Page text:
The subprime car-lending industry — charging exorbitant rates for car-loans to people least suited to afford them, enforced through orwellian technologies, obscuring the risk by spinning the debt into high-risk/high-yield bonds — is collapsing.
The three most prominent lenders in the subprime auto sector shut down spectacularly and suddenly through bankruptcies and fraud investigations (and the bankrupt ones are said to have been fraudulent!).
Meanwhile, the borrowers — lent money that everyone understood they couldn't afford, backed by assets that depreciated by 50% the day they were acquired — are defaulting and missing payments like crazy, at a rate that puts the subprime housing bubble in the shade.
The subprime lenders got their capital from big banks and private equity firms, who are left holding the bag when the subprimes disappear into bankruptcy.
This is one of the credit bubbles whose bursting the Wall Street Journal predicted, and while its absolute magnitude is smaller than the subprime housing bubble, and while cars are more liquid (and thus easier for creditors to sell and get some cash out of), it will have knock-on effects for car-makers, dealers, and the banks and PE firms most exposed to the sector — to say nothing of the borrowers who depended on the subprime sector for work-related transport in a nation where underinvestment in public transit has turned the carless into economic roadkill.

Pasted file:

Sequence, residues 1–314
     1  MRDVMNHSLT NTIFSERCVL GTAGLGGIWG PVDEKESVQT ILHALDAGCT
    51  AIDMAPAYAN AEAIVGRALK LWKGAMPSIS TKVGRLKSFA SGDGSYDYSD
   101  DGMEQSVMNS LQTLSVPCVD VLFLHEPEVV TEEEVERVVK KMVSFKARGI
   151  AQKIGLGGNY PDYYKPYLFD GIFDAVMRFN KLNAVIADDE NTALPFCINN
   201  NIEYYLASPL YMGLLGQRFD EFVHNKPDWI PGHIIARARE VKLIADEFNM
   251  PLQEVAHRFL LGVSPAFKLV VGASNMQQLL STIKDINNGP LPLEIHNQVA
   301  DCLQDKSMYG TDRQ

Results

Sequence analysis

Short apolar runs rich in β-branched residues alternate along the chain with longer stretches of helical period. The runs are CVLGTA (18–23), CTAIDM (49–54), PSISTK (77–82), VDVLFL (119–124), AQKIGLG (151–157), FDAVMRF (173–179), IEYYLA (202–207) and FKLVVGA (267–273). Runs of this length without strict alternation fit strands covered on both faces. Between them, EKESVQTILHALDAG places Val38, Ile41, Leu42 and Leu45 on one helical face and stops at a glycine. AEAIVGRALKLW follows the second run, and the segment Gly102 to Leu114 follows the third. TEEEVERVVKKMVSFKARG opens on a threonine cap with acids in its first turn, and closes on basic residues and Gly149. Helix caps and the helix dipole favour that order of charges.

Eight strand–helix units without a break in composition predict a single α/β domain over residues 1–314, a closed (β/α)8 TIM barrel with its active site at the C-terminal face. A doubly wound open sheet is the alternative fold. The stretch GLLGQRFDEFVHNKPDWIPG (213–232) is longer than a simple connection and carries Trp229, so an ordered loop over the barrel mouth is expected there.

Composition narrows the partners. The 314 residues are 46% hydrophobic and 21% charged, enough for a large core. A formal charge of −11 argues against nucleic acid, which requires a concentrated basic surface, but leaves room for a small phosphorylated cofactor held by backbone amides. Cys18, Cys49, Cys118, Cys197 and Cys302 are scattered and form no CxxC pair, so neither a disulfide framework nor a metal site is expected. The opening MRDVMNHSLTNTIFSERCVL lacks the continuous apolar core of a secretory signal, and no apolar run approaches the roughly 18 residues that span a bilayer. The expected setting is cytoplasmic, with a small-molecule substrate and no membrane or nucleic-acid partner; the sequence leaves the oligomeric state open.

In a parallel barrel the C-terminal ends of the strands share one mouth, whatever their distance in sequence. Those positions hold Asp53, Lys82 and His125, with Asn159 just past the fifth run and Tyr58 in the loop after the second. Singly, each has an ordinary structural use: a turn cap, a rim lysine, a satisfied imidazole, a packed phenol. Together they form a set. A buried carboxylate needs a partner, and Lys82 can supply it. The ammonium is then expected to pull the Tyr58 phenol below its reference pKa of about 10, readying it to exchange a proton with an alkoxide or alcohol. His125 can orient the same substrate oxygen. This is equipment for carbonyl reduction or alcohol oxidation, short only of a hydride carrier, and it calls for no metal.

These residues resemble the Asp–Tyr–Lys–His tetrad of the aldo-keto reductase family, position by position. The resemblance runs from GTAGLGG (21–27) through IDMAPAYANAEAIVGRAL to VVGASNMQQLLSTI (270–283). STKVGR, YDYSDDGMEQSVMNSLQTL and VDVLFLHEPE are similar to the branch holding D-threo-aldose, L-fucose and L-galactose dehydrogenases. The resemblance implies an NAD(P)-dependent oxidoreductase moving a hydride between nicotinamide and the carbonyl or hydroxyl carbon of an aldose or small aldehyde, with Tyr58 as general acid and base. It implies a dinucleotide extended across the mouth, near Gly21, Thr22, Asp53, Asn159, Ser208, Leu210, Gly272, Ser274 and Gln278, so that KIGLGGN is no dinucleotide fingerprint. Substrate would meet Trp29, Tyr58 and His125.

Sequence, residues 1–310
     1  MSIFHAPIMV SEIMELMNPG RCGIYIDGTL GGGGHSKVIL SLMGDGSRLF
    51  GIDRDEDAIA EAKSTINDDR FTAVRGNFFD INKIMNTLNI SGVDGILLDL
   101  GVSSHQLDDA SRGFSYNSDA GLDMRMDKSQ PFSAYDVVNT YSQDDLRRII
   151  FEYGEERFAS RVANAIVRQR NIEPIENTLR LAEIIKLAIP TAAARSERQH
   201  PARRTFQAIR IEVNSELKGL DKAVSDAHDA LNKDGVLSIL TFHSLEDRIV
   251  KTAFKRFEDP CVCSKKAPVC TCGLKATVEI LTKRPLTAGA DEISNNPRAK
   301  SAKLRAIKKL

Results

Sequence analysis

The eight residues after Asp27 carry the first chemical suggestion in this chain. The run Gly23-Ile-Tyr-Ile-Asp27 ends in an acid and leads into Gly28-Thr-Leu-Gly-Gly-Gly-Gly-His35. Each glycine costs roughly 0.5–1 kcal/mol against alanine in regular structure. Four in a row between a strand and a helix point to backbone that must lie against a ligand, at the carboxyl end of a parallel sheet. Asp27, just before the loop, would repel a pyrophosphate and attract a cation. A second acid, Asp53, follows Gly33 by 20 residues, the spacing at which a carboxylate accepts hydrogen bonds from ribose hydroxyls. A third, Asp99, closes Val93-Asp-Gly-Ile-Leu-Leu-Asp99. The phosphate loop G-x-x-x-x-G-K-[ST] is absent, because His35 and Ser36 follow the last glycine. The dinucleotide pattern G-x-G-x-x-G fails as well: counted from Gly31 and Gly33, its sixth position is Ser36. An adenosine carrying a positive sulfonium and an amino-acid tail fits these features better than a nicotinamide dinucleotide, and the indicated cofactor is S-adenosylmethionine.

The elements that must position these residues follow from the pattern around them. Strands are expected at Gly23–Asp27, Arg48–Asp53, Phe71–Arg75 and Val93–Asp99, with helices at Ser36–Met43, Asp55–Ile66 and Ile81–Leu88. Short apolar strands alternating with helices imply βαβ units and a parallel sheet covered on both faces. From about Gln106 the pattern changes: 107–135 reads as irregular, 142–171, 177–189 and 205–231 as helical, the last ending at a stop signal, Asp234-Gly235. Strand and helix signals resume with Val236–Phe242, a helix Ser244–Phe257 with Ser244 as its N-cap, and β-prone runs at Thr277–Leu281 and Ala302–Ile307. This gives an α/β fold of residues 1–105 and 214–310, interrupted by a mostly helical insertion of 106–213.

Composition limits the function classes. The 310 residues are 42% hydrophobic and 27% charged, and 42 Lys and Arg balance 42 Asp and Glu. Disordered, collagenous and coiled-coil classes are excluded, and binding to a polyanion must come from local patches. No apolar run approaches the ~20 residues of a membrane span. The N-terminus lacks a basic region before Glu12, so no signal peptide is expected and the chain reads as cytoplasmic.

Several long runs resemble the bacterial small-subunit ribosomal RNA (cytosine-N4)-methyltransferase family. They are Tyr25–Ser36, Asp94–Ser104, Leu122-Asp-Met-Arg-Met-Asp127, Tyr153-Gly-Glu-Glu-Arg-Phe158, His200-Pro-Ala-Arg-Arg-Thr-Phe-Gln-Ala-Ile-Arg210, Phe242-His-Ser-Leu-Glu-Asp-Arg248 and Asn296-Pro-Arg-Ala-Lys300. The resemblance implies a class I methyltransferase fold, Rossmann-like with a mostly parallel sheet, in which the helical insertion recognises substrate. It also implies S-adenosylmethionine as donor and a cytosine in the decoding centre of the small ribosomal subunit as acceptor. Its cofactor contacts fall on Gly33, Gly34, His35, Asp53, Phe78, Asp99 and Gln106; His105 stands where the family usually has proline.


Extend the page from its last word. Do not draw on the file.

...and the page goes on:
Summit Financial Corp, a privately owned company that works with auto dealers in Florida, filed for Chapter 11 bankruptcy on March 23, after it "performed an extensive analysis of alternatives," its attorney said in a statement. Summit blamed Hurricane Irma.
But Bank of America – which, as Summit's largest secured creditor, is owed $77 million – alleged in the bankruptcy documents that Summit had repossessed many cars without writing down the bad loans, thus under-reporting the losses. "The move allowed the company to hide operating losses and borrow more money to fund loans, the bank said," according Bloomberg.
Spring Tree Lending, an Atlanta-based specialized subprime auto lender, is being pushed into bankruptcy by a creditor who filed to force the company into involuntary bankruptcy on March 28. Fraud allegations are swirling.
Pelican Auto Finance, which specialized in "deep subprime" auto loans shut down last month, after private equity firm Flexpoint Ford LLC, decided to cease funding it. "There's been intense competition. The margins just aren't there," Pelican CEO Troy Cavallaro told Bloomberg.
Other PE firms that have together plowed about $3 billion into the subprime auto loan bonanza, based on data cited by Bloomberg, are now licking their wounds, unable to get out.
Subprime Carmageddon: Specialized Lenders Begin to Collapse [Wolf Richter/Wolfstreet]